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Old 07-28-2011, 07:31 PM
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Scotch Bright disk or gasket scraper on block

I am rebuilding a big block GM for a Marine application. In the past I have just sent the motor to be remaned. This time I am gonna do the rebuild myself. In the past I have used scotch bright disks and a 3" high speed right angle die grinder to clean the block surface. I have been told its better to just scrape it with a gasket scraper.
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Old 07-28-2011, 07:38 PM
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I love those 3M surface prep discs, use them all the time.
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Old 07-28-2011, 07:38 PM
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EVERY week I see the damage done by Scotchbrite discs. You just have no idea of the cutting power of these things. Most blocks/heads have to have a mill cut of at least .005" to repair the damage.
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Old 07-28-2011, 10:12 PM
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Quote:
Originally Posted by BOBCRMAN@aol.com
EVERY week I see the damage done by Scotchbrite discs. You just have no idea of the cutting power of these things. Most blocks/heads have to have a mill cut of at least .005" to repair the damage.
Absolutely agree. They work great but you have to be very careful with those things. I'd stick with a gasket scraper.

I've had guys at work try to use scotch brite flap wheels trying to clean dried grease and salt deposits off bronze bearings. More than a few had ho be replaced because they weren't careful.
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Old 07-28-2011, 11:19 PM
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What a lot of guys do not get about those things is that they shed grit in use and of course that grit winds up in the engine and causes all sorts of problems..kinda like dumping polishing compound in your crankcase..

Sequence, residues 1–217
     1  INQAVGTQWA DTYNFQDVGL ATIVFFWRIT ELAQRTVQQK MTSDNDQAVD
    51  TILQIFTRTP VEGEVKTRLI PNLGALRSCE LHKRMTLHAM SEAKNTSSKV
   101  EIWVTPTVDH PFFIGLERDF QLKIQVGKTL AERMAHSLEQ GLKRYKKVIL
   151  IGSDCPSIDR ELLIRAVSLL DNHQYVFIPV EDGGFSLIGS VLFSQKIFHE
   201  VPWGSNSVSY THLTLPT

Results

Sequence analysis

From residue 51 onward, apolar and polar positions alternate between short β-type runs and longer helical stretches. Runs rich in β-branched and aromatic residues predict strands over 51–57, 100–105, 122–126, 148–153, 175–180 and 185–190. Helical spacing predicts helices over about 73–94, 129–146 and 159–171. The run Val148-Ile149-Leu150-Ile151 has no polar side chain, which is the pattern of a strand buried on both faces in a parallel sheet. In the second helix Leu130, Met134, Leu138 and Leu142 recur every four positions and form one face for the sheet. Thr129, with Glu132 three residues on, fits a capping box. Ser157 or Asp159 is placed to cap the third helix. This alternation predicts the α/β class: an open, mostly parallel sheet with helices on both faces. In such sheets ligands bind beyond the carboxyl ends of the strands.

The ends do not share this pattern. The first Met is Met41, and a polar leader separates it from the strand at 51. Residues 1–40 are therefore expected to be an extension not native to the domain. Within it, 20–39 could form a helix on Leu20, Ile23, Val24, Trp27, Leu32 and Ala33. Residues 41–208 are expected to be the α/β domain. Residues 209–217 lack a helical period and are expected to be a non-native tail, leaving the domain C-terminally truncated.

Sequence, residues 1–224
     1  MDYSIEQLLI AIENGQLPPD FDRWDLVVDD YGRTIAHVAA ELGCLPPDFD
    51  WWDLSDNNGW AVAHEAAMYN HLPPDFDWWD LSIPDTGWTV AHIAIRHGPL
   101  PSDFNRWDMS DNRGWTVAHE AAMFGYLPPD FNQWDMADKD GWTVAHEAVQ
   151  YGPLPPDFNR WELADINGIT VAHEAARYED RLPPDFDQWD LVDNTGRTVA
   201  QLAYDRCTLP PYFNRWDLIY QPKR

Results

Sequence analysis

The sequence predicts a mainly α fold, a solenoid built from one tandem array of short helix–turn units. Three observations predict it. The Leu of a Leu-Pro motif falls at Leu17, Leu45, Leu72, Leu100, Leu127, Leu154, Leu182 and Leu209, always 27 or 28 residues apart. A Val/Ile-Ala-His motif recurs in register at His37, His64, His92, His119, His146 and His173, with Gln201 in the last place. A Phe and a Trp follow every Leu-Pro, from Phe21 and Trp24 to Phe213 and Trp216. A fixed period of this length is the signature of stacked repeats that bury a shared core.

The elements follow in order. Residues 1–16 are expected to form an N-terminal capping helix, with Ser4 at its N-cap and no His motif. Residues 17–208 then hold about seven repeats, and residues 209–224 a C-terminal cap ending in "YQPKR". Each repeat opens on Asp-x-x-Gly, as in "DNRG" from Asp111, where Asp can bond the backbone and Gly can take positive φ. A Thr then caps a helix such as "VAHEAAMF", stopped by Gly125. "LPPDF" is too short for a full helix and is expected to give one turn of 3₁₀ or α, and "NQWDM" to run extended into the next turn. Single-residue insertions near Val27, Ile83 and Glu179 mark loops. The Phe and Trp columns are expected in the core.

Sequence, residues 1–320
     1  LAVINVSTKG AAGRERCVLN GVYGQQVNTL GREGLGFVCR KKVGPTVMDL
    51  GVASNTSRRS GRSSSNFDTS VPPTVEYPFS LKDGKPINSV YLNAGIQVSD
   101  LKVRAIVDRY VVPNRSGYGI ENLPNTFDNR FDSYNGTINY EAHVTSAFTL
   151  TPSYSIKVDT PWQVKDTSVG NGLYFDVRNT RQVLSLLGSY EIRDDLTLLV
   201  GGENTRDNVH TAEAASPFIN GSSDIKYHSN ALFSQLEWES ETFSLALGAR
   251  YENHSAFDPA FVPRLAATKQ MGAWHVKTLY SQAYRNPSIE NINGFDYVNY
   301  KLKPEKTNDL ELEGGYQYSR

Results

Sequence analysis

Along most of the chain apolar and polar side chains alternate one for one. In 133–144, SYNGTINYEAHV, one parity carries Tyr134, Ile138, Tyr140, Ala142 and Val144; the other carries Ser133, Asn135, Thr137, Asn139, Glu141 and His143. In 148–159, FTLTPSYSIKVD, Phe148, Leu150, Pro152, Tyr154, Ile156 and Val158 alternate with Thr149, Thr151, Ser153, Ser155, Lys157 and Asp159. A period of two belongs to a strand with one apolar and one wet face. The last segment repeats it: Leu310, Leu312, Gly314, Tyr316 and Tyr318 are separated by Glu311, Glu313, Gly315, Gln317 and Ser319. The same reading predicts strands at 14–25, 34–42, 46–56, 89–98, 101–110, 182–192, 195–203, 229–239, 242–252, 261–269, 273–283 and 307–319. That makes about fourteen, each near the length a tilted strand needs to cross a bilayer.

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Old 07-29-2011, 06:11 AM
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Why not go to your local big box store and pick up a couple of packs of single edge razor blades then stop at your favorite parts store and get a can of Permatex 80646 Gasket Remover or similar. Yeah, in the course of doing an engine project it might add a few minutes or maybe even an hour or so, depending on how much of a job you are doing, but a heluva lot faster not to mention less expensive then having a specialty machine shop (if you can find one) straighten out those rounded edges and corners.

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Old 07-29-2011, 06:31 AM
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Quote:
Originally Posted by BOBCRMAN@aol.com
EVERY week I see the damage done by Scotchbrite discs. You just have no idea of the cutting power of these things. Most blocks/heads have to have a mill cut of at least .005" to repair the damage.
I have repaired a few blocks because of guy using those disks, We run our engines at zero deck height so in some cases we have to cut the pistons to keep the decks at zero because of rules.

In the end the customer spends alot of money because of those disks.
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Old 07-29-2011, 01:15 PM
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Quote:
Originally Posted by BOBCRMAN@aol.com
EVERY week I see the damage done by Scotchbrite discs. You just have no idea of the cutting power of these things. Most blocks/heads have to have a mill cut of at least .005" to repair the damage.
i always wondered about using scotchbrite disks on a machined surface. this is good to know. i usually scrape and then use the scotchbrite sparingly. i may reconsider this too.
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Old 07-29-2011, 01:33 PM
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I don't use SB on anything close to an open engine. But I did use one to clean up an intake gasket surface but I wiped everything down with solvent and used and air hose on it several times before taking it back to the engine.
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Old 07-29-2011, 03:13 PM
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they sell less abrasive disc! Are you talking about the brown disc? They also have disc made for weaker metals that to describe them have about 100 little fingers that do the work and they get the surface clean pretty well.
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